Let’s Go Rita!

This morning, being behind not only on my grading, course planning, writing, and housecleaning, I also found myself behind on current events. As a consequence, I was forced (not literally, of course) to do an internet search to understand the meaning of the “Let’s go Brandon” catchphrase or meme or whatever we’re calling such things in our contemporary and ever-changing vernacular.

What I found was—on its face—disturbing. After having won his first NASCAR event, a man named Brandon is being interviewed by an NBC reporter. He looks so young, so happy, and so excited to talk about his first victory. In the background, there is chanting. Although not PERFECTLY clear, if you listen closely and look at the video clip, some in the crowd are shouting, “Fuck Joe Biden.” The reporter, in an effort to weave the chanting into her interview, explicitly interprets the chanting as “Let’s go Brandon!”

At a deeper level, the chants, their interpretation, their re-interpretation, and their current use as a method for mocking and insulting President Biden, represent a deep, sad, and pathetic powerlessness. We all feel it. We all want to shout out our own beliefs, because, of course, we think our own beliefs are the best beliefs and the right beliefs and the beliefs that should be heard above the roar of the crowd.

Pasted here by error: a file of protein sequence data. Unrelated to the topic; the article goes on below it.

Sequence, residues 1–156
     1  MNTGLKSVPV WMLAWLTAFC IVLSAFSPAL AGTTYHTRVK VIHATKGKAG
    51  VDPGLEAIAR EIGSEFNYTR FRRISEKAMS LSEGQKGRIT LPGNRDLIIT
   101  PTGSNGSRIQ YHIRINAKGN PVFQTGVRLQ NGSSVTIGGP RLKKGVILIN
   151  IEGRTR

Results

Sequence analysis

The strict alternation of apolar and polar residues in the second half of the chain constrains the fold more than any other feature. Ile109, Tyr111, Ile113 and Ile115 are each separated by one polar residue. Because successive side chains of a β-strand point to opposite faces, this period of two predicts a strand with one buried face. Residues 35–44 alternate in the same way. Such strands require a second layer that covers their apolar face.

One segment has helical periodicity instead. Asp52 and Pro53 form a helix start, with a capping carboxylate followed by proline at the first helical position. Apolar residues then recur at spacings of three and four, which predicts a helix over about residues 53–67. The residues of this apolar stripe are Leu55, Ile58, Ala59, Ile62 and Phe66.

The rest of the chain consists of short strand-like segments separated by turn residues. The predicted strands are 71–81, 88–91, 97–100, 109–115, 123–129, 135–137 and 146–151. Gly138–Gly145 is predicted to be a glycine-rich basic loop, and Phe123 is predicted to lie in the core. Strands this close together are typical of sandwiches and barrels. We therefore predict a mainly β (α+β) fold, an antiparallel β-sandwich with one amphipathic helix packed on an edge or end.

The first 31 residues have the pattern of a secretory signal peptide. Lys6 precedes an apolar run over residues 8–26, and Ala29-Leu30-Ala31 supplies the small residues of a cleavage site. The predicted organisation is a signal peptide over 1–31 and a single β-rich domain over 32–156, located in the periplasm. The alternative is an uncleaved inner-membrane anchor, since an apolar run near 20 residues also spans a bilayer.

What saddens me the most is that it also represents not only the deep divisions in our country (and the world), but that it has become viral fodder for confirmation bias and spinning. People see whatever they’re inclined to see in the chant. Is it evidence of fake news or disrespect for the presidency? Have we caught the press intentionally remaking reality or have we caught Trump supporters in their anti-patriotic hypocrisy? The facts don’t matter much anymore. Polarizing is the thing. Sloganizing is the thing. It’s not so much about what unites us; it’s about what divides us.

Like many, I feel a paradox. I care about the deep divisions. I wish I could bridge them. At the same time, I don’t care for people stoking deep divisions. I wish to ignore them.

All this brings me to something that I unequivocally and unapologetically wish would go viral . . . instead of the popular outrage and mockery.

After discovering and lamenting the Let’s Go Brandon mockery, I read Rita Sommers-Flanagan’s Sunday morning blog post. Hers are the messages I wish would catch fire on the internet.

She wrote:

“God,” I whisper, awake and facing morning, “You know I’d like to extend my reach; do things that make me feel important and complete. I’d like to turn the tide of hate into an ocean of love. I’d like to make the fear go away.”

This is the call for unity, love, and peace that SHOULD be in my newsfeed.

Here’s another line: “I am of your doing, and you of mine.” Just spectacular.

Rita’s blog is titled, “Short visits with an honest God.” Should you be interested in deeper unity, here’s the link to her blog: https://godcomesby.com/ . . .

And here’s the link to this morning’s post: https://godcomesby.com/2021/11/14/the-long-gray-bird/?fbclid=IwAR1kYlUDhLOUdj0lV-9001MnEIeK3XCsCd-FjkAmlZinBTMp7z1lq0NkEyw

8 thoughts on “Let’s Go Rita!”